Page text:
When I decided I need to get rid of stuff, I had no idea that the effects of decluttering would change my point of view and my decisions so deeply.
When I started, I knew I should get rid of stuff, but just felt overwhelmed by it. And since I was so emotionally attached to my stuff, it was seriously tiring to have to make decisions!
After going through a decluttering course from Lauren at Simply Well Balanced, I felt empowered to just start. If you attack decluttering the right way, it just gets easier as you see the difference it really makes.
In my case, we decided to move across the country a few months after I had been working through decluttering our living areas. Moving definitely took my decluttering to an entirely new level.
Now that I have gotten rid of 3/4 of the stuff I had stressing me out, I have noticed that some of the effects of decluttering are surprising.
I Stopped Buying Clutter
What’s your favorite store? What do you feel when you first walk in the doors?
For me, that’s Hobby Lobby, the lumber aisles of Home Depot, and Target, because my weaknesses are building things, home decor, and coffee mugs.
And, anything that’s a dollar. Because I mean, IT’S ONLY ONE DOLLAR, RIGHT?!
Well we’re about to get technical. Shopping excites you because somewhere inside you, you believe that the things you buy are going to add value to your life.
What is your core desire when you find something you want to buy? New clothes or makeup? So you can be more attractive than ever. New toys for your kids? Those will make you a better mom! (Or maybe so they’ll leave you alone for 8 seconds.) New organization stuff? So you can finally get all your crap together!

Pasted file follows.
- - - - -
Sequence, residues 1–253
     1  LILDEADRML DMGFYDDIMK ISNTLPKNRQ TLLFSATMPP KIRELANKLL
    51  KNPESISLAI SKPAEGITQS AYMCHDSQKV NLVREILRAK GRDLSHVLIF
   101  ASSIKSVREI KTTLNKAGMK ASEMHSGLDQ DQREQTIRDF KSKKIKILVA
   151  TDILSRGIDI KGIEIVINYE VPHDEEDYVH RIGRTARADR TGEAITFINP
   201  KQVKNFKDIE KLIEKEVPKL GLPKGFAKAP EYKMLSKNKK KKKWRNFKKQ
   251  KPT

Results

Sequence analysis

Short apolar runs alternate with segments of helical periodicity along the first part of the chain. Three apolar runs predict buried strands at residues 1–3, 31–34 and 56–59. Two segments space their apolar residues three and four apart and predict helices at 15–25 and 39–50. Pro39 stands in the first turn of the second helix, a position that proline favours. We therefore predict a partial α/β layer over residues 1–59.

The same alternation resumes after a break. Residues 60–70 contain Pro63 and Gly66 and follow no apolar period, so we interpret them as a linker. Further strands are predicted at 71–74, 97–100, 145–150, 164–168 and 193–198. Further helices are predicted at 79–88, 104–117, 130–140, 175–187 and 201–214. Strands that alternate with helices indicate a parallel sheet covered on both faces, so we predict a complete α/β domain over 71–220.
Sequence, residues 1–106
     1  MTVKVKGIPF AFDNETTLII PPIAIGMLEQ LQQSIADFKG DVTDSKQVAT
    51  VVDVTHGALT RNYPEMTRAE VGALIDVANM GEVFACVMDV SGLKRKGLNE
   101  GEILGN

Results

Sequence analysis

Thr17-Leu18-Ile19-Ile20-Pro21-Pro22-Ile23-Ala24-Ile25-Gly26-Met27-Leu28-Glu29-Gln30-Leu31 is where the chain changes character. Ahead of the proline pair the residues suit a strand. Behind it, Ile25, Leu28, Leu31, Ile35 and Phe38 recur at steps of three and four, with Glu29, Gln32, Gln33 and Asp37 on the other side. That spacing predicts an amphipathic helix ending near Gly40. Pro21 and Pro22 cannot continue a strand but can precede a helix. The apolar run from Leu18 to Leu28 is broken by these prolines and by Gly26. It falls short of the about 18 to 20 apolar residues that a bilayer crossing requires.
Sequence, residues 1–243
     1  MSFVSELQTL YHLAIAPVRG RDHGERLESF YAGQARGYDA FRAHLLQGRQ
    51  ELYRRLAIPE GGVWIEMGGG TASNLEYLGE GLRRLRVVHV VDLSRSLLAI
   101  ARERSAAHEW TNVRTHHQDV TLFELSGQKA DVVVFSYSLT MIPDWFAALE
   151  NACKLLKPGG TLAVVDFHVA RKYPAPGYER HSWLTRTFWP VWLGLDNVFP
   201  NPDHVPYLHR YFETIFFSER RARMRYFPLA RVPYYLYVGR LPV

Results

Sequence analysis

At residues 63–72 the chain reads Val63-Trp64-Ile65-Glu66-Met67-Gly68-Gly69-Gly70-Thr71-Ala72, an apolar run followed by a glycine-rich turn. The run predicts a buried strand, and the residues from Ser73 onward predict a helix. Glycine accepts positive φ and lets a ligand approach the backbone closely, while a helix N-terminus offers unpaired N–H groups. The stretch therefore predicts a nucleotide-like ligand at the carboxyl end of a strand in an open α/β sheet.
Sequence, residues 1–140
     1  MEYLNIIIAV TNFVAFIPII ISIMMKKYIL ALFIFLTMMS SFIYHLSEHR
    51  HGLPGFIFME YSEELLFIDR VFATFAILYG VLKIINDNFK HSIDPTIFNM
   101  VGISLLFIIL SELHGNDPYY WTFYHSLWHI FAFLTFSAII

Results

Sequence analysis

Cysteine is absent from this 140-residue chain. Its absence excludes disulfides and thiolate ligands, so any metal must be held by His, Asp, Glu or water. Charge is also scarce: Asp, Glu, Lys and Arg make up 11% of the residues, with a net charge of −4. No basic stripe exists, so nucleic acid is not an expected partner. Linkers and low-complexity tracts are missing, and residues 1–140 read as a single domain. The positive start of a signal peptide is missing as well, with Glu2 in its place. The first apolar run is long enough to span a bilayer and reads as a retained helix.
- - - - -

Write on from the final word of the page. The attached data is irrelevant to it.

After I faced literally every single item I owned, I realized how much of it just didn’t live up to my expectations.
Some things in the store will add value to your life. Like food. You will always need to keep buying food.
But once I realized that I threw away more than half of my stuff and my life actually improved, something changed. I started being able to evaluate products in the store more clearly. And sadly, I realized that most things that catch my eye when I’m shopping will just end up being clutter.
Shopping After Decluttering
Buying less was definitely an effect of decluttering and did not happen on purpose. A lot of things in stores weren’t as appealing because I knew I would just get tired of the extra clutter sooner or later. But of course, when I stopped buying extra things, I noticed that:
- I spent less money
- I had less to continually declutter
- What we kept in our house actually added value instead of adding stress
I Let Go of Guilt
For me, the most sentimental difficult category to clutter was papers.
I used to save every scrap of paper that had any meaning to me… and since I’m a writer and have a particular obsession with words… that reeeeeally added up.
When I was faced with the amount of actual space these sentimental items were taking up, I knew I had to be a lot more selective.
If you find an old paper that makes you laugh out loud or cry, keep it. That’s real value.
Unfortunately, my reason for being so attached to many of my sentimental items was not because they brought me joy or a beautiful memory. It was obligation.
I mean, this card my great aunt sent for my 1st birthday was saved for 27 years, how could I DARE throw it away?
Well, because it only said, “Happy birthday.” It wasn’t a profession of her love for me–that would be precious. But just because it is from a certain time or a certain person doesn’t mean you have to be attached to it.
So when I stopped keeping things just because I thought I should, things got much easier. If I had decided to keep that card, it would have gotten shoved into a (slightly smaller) bin to gather dust for another few years. There is no purpose in that!
Letting go of less sentimental items will actually make the things you keep even more valuable.